By Jefferson Geiger
Joel Richardson ’02 M’07 knows how to navigate the twists and turns life throws at him. Opening a comedy club months before the onset of the COVID-19 pandemic meant he had to keep his business alive with ingenuity and perseverance. His journey in the industry is the subject of a debut memoir, “Not Funny,” due out in March.
Wagner College, the school he credits with shaping his career path, figures prominently in the book. Richardson, 43, grew up in Moorestown, N.J., and was recruited to Wagner’s wrestling team.
“Wagner was a smaller school with an active alumni,” Richardson said. “Its close proximity to Manhattan and being in New York City is what ultimately made my decision easy to attend Wagner. Also, they always said, ‘If you can make it in New York, you can make it anywhere.’”
Alumni connections helped Richardson secure internships at businesses like Saatchi & Saatchi, and he credits his experience as a resident advisor for boosting his leadership skills. The business major enjoyed his time as a Seahawk so much that he returned to pursue his MBA.
“The moment you step on campus, it’s like being home — it feels like family being up there on Grymes Hill,” said Richardson, who served on the Wagner College Alumni Association Board of Directors for six years.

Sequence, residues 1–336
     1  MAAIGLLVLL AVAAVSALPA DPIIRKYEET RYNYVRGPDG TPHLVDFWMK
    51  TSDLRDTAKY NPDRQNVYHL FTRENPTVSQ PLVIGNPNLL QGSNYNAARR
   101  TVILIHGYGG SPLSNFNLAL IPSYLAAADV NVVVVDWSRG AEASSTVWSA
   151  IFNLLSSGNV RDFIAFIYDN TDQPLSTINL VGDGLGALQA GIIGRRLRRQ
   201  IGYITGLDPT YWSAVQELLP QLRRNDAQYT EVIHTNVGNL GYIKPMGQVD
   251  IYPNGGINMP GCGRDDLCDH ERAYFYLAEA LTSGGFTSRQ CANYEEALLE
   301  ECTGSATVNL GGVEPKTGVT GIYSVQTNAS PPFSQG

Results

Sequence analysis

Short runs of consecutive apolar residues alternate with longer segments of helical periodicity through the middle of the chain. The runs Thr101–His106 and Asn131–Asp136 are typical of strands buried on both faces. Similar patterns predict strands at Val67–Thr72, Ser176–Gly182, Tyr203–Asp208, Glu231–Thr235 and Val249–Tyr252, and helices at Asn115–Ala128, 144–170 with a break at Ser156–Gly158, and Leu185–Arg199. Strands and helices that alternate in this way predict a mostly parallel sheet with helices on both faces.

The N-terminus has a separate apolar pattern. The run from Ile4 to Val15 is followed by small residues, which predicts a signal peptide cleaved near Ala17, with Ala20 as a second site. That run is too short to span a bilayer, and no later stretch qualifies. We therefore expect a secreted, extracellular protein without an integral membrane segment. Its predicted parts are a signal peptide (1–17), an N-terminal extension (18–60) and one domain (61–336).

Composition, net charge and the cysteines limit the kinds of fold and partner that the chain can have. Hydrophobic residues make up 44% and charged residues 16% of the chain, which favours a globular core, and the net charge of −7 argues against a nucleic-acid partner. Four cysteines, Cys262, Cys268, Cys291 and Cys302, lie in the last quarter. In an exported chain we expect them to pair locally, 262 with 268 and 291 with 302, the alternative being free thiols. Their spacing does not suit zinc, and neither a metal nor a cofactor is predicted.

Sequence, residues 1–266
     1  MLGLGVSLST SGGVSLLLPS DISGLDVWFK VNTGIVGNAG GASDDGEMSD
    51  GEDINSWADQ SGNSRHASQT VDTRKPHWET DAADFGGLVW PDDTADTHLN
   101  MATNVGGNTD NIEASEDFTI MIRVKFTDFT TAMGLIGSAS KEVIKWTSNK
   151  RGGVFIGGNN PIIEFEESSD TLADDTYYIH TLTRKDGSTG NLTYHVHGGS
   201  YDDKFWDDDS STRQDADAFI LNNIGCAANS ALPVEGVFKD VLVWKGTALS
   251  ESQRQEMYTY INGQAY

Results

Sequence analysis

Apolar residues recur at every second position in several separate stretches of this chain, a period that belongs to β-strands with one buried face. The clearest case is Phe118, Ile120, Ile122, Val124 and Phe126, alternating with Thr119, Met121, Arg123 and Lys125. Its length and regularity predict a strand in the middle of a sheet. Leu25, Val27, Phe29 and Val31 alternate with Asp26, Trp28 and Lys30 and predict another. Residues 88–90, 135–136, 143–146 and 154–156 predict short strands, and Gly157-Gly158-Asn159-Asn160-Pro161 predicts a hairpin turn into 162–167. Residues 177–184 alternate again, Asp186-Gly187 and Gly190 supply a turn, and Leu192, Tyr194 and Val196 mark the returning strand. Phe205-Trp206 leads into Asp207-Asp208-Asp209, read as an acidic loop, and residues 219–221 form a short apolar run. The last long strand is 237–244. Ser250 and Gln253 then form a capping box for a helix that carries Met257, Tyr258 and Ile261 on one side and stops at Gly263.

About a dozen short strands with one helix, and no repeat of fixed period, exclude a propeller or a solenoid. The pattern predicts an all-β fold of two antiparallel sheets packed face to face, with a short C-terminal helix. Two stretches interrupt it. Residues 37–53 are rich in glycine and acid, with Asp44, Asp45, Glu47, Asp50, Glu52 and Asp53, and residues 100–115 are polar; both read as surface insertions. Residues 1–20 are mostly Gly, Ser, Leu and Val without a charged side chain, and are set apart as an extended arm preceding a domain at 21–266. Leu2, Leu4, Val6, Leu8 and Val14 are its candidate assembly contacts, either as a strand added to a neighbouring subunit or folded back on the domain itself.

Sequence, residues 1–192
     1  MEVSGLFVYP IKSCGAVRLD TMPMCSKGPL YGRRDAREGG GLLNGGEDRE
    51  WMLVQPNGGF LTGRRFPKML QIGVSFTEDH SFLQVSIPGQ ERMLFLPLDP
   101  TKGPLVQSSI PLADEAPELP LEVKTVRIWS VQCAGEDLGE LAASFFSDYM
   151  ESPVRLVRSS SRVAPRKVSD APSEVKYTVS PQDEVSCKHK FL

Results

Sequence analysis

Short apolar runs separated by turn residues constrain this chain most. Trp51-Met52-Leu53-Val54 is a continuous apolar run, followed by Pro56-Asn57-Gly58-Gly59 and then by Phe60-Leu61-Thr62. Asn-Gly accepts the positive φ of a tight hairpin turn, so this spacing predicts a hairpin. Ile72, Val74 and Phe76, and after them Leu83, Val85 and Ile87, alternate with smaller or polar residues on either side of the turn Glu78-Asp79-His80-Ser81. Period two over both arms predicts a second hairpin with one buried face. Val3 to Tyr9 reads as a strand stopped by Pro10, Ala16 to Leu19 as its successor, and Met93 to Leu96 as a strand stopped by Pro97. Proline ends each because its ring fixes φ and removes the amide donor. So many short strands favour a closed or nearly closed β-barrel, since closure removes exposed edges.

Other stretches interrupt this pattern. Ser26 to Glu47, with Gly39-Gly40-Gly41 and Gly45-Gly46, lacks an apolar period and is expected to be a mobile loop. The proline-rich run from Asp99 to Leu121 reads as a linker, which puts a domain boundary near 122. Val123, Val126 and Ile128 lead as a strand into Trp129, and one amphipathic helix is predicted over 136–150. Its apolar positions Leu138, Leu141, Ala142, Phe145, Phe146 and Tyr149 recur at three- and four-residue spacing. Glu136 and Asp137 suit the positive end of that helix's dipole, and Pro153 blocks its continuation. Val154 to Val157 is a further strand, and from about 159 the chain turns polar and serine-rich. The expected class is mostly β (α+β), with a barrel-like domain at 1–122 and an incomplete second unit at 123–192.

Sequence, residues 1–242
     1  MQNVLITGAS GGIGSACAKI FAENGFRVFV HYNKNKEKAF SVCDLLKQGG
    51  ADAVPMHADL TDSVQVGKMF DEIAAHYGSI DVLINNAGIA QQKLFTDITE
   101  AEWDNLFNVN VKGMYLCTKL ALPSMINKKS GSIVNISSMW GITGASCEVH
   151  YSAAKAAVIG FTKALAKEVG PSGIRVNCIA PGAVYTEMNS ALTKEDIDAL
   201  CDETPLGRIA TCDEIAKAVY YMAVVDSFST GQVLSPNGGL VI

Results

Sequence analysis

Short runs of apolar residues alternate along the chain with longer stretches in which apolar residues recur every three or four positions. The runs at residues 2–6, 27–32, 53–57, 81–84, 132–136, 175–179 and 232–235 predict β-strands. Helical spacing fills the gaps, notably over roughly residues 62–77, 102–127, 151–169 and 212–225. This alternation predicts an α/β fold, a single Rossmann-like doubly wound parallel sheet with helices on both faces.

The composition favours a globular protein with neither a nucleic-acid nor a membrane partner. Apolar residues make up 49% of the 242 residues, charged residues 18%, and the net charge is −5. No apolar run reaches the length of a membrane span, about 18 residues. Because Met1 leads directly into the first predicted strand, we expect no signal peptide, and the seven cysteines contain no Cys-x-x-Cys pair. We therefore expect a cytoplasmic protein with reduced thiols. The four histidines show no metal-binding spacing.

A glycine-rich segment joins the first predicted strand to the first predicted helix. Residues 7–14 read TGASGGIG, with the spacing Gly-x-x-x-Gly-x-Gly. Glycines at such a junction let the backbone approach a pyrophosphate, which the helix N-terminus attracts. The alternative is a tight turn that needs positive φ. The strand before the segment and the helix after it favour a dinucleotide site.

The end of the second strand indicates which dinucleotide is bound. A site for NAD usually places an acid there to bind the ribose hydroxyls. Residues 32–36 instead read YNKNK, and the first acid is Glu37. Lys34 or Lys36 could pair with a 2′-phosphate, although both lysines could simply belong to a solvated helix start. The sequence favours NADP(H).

A highlight of his education was having Donald L. Crooks ’68 M’72 as a professor; the pair bonded as fellow members of the Delta Nu fraternity. After Richardson participated in his first open mic event in graduate school at Staten Island hangout Martini Red, it was Crooks who convinced him to get into entertainment management.
Richardson, knowing there was something out there bigger for him, followed Crooks’s advice and created Soul Joel Productions in 2007 with Scott Chamberlain M’07. Together, they produced regular shows for Wagner and venues such as Valley Forge Casino in King of Prussia, Penn., bringing in comedians like Sean O’Connor, Godfrey and Pete Correale.
Richardson then opened up his own club, SoulJoel’s, in November 2019. However, the pandemic forced him to invest in alternative entertainment, and acts performed instead in the outdoor Comedy Dome for 16 months. Unfortunately, their lease for SoulJoel's wasn’t renewed, and the last Comedy Dome show was Oct. 30, 2021, featuring the late Gilbert Gottfried.
The following year, Richardson bought the SunnyBrook Ballroom in Pottstown, Pennsylvania. Built in 1931, the historic venue has seen stars like Frank Sinatra, Louis Armstrong and Duke Ellington perform. Success returned for Richardson, and he’s since hosted comedians such as Jim Breuer, known for his roles on “Saturday Night Live” and “Half Baked.”
“We went from trying to get 1,200 people in a month and then 1,000 people in a week and now we get 1,000 people in a day,” Richardson said of the change in venues.
With a seasonal menu of fresh ingredients — Richardson’s brother-in-law is the executive chef — this comedy club offers an elevated dining experience. Additionally, the 14,000-square-foot venue hosts line dancing, salsa, swing, zumba events, psychic mediums, drag brunches and more.
“I'm more fulfilled by doing more than just comedy events,” Richardson said.
Preorder Richardson's book here.